UK natural slate manufacturer, Welsh Slate, is bucking the trend and re-opening one of its quarries to meet exceptional demand for its roofing, architectural and hard landscaping/aggregate products.
Its quarry at Blaenau Ffestiniog, which originally opened in 1818 but ceased production of roofing slates 10 years ago, will now re-start, leading to the recruitment of more than 20 staff. They will help produce 25,000 roofing slates per week, rising to an anticipated 30,000 in the near future.
Seven of the staff will be based at Blaenau Ffestiniog, extracting and transporting large blocks of raw slate to Welsh Slate’s Cwt-y-Bugail quarry at Llan Ffestiniog, the highest industrial workings in the UK, three miles away. Six more staff at Llan Ffestiniog will saw and split the slate for the rivings to be dressed at the company’s main Penrhyn Quarry in Bethesda.
Roofing slates from Ffestiniog Quarry were used on such prestigious projects as Kings Cross and St Pancras railway stations, the Rijksmuseum in Amsterdam and Westerloo Town Hall in Belgium.
They were particularly popular in southern England and south Wales, as well as The Netherlands, because their lighter weight meant they were more cost effective to transport, mostly by ship. This was particularly so in the UK, where a shipping duty introduced as far back as 1795 made the thinner slate even more cost effective to transport.
Ffestiniog roofing slates are Blue Grey in colour, generally lighter in shade than Cwt-y-Bugail’s Dark Blue Grey slates, with a finer grained texture which enables than to be spilt slightly thinner and in larger formats. Although their colour is very different to Penrhyn Heather Blues, the texture is similar.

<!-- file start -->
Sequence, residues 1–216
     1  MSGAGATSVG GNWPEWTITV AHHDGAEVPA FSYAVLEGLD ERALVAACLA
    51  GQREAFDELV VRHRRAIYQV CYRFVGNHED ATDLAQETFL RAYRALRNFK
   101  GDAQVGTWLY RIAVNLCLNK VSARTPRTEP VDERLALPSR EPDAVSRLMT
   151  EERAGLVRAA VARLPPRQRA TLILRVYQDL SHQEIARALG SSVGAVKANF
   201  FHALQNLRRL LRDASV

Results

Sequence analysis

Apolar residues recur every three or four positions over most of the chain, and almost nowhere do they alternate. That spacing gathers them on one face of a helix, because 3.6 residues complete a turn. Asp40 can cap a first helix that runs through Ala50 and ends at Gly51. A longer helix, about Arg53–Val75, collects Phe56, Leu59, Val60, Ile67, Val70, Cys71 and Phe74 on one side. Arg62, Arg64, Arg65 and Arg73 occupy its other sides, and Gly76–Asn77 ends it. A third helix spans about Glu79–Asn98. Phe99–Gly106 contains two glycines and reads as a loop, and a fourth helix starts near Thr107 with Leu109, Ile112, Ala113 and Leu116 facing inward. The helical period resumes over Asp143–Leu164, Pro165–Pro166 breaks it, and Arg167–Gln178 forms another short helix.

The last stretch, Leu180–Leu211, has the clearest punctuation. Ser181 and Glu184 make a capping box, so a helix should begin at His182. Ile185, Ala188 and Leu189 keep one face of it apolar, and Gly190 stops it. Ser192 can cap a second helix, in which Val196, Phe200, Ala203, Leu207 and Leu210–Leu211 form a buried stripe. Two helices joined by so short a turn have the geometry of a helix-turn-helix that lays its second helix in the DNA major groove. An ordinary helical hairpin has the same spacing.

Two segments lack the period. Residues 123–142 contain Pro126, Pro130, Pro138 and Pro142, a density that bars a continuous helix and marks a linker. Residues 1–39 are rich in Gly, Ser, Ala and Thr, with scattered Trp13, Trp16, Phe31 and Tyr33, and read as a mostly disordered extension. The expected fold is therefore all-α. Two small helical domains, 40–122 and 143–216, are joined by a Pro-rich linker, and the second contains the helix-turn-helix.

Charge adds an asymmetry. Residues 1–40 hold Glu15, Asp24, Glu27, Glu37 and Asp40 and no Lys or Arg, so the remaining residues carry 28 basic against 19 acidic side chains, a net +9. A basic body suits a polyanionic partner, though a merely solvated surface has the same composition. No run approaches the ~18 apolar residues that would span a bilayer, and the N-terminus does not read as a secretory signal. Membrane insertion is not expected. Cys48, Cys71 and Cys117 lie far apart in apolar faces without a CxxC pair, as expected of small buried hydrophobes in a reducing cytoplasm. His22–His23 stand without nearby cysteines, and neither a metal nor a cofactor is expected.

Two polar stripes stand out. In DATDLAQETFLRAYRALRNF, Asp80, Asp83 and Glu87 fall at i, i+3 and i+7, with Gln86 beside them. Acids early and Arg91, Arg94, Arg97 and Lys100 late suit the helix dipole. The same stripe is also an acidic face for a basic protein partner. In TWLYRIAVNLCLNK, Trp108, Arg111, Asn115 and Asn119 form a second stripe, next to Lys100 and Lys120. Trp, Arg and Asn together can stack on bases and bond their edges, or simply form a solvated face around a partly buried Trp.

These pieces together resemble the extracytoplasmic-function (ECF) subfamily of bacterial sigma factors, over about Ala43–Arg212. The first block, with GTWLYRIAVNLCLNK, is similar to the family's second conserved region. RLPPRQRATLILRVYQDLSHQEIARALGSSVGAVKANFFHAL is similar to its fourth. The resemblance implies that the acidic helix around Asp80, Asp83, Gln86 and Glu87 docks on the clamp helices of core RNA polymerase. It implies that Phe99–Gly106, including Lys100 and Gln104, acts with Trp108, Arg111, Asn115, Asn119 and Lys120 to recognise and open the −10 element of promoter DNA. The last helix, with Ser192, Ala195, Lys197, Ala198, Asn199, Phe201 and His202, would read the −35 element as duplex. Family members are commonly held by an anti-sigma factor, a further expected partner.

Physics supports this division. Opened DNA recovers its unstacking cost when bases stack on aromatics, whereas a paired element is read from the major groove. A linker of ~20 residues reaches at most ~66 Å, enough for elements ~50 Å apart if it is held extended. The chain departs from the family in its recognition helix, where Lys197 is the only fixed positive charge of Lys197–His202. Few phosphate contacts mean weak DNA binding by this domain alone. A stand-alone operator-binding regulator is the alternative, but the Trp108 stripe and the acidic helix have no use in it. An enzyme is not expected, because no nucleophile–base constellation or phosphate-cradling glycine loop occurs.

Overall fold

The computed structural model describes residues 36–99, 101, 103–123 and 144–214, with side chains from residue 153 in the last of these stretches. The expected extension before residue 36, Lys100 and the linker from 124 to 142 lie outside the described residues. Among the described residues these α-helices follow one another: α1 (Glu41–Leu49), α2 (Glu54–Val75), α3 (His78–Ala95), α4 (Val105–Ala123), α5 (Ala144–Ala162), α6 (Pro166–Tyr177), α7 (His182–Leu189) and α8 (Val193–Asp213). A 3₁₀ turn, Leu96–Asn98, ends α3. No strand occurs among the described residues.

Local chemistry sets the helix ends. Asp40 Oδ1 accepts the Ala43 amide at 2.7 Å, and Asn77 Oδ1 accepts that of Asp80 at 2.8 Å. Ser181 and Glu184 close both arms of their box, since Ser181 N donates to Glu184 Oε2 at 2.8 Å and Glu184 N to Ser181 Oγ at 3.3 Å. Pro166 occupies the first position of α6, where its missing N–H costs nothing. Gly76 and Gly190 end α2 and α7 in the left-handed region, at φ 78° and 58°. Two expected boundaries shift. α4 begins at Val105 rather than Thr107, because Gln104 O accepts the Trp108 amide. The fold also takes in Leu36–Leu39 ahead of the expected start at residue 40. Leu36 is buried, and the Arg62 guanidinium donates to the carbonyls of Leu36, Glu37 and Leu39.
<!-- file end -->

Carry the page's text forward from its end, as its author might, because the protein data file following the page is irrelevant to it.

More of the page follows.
The reopening of its Blaenau Ffestiniog quarry will also enable Welsh Slate to re-establish its offering of Ffestiniog architectural products for external and internal applications such as cladding, paving, flooring, window cills, copings and fire hearths. The quarry had always continued to produce industrial minerals.
Its reopening has required a significant investment by the company, which is part of the Breedon Group, the largest independent construction materials group in the UK. Sophisticated geotechnical mapping of the site identified suitable underground chambers with minimal overburden.
This enables the existing roof of the mine to be removed to expose the slate pillar for extraction, a process that had been started by the previous owners in 1973 but was then considered untenable. The slate deposits identified by surveyors are expected to last for the foreseeable future.
Commercial director Michael Hallé said: “It’s a far cry from its peak in the 1870s when the quarry at Blaenau Ffestiniog employed more than 2,500 people and produced around 10 million slates per year. But the reopening of our Ffestiniog Quarry will improve the availability of Welsh Slate overall, with total output from the three quarries amounting to more than 100,000 slates per week.
“We are delighted we will now be able to meet the exceptional demand from both domestic and export markets for this high-quality slate. There has been a strong interest from the merchants and roofing contractors in the UK and abroad, and we look forward to seeing Ffestiniog gracing roofs again.”
He added: “The investment in reopening this quarry, to allow safe extraction of the material, was considerable, but many skilled roofing contractors, particularly in The Netherlands where our slate is of far superior quality to local slate, prefer the Ffestiniog slate.”
Last summer, Welsh Slate applied successfully for planning permission to increase the life of Penrhyn Quarry, its largest, and at one time, the world’s largest slate quarry.